President Zardari introduced the Shariah Nizam-e-Adl Regulation 2009 in the National Assembly on April 13. The bill was approved unanimously with the exception of Muttahida Quami Movement (MQM) which abstained from voting. By introducing a legislation concerning Provincially Administered Tribal Areas (PATA) in the National Assembly, the President took the unprecedented step of breaking constitutional protocol, purportedly for the sake of ‘building national consensus’. According to the 1973 constitution, laws for PATA are enacted by the Executive and not the Legislature.  From now on, the entire Malakand Division along with parts of adjoining Kohistan will be governed under Shariah rule.
Now that Shariah has been enacted, Pakistan’s practice of bracketing pro-Taliban militants into ‘white’ and ‘black’ and making peace with the moderate elements is going to be put to test.
Two possible scenarios could emerge, depending on the scope and duration of army’s deployment. The government could retain troops in Swat, strengthen the local police force and implement already allocated development projects. A carefully planned Disarmament, Demobilization and Reintegration of ex-Combatants (DDR) program will make peace a more viable option for the disaffected youth and isolate militants allied with al-Qaeda.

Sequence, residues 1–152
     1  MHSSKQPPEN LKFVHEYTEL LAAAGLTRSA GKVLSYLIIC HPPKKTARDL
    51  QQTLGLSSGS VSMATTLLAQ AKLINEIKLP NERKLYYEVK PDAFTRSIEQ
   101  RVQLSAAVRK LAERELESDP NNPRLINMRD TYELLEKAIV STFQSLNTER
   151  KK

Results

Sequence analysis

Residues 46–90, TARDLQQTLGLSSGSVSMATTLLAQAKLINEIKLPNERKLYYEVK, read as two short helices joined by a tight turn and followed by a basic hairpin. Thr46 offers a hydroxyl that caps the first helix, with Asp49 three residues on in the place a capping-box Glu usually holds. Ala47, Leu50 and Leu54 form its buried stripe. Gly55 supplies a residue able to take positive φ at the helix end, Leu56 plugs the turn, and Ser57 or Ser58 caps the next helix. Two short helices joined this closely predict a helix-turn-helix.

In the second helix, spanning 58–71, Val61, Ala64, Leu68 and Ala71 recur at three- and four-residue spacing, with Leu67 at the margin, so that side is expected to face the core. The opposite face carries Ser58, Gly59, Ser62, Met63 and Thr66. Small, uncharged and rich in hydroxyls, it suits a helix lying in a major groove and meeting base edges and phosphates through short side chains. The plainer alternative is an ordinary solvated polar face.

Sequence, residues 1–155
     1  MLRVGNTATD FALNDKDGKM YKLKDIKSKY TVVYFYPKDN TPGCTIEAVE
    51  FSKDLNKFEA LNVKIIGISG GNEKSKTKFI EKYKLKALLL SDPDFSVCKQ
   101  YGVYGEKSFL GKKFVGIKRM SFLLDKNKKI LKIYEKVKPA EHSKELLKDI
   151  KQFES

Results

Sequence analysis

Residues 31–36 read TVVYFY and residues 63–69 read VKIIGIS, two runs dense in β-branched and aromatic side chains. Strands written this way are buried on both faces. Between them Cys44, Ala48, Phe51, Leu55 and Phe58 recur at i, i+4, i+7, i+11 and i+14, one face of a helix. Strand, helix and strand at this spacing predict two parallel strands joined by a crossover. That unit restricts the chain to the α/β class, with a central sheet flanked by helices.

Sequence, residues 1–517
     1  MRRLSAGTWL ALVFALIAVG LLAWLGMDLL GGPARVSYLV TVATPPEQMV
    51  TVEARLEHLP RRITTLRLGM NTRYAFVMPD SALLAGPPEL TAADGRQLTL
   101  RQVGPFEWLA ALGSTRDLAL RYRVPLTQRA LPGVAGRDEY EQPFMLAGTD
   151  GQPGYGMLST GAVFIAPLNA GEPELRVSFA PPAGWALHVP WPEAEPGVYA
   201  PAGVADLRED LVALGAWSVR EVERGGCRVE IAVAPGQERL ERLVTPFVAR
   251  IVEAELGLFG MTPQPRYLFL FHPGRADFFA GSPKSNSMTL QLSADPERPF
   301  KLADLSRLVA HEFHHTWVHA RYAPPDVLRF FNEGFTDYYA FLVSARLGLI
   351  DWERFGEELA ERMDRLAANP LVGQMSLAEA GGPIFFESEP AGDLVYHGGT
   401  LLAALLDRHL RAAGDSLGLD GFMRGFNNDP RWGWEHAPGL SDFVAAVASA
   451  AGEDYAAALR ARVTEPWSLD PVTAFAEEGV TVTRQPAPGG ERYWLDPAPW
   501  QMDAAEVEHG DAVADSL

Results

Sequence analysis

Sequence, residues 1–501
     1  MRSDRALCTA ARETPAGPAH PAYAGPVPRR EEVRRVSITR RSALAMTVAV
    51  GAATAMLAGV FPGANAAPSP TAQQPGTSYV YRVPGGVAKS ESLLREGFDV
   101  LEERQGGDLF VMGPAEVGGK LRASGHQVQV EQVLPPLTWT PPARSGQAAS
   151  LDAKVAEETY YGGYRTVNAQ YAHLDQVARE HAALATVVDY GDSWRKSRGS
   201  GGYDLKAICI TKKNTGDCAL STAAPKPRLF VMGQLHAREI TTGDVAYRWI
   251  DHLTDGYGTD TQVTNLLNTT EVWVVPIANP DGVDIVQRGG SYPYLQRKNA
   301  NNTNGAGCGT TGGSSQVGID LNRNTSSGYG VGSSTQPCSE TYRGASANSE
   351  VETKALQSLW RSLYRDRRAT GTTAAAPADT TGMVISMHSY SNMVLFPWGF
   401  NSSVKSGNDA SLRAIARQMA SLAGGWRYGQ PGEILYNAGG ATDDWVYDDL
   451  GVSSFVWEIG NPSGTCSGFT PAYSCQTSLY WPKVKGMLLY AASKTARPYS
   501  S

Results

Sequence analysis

On the other hand, depleted security will most certainly enable Mullah Fazlullah to resume his campaign of religious vigilantism, carry out reprisals against government collaborators and sabotage development projects. If this is allowed to happen, Malakand division, which comprises one-third of NWFP’s landmass, will eventually become a safe haven from where al-Qaeda and its surrogates will mount attacks on Islamabad, Kabul and New Delhi. Donor countries exercising a degree of leverage must persuade Pakistan’s leaders to ensure that the Malakand does not become another Waziristan, not least for their own security.

< class="maroontitle">Contributors:

      • Anjali Sharma                 – Sri Lanka, Maldives
      • Joyeeta Bhattacharjee – Bangladesh
      • Paul Soren                       – Nepal, Bhutan
      • Kaustav Chakrabarti     – Pakistan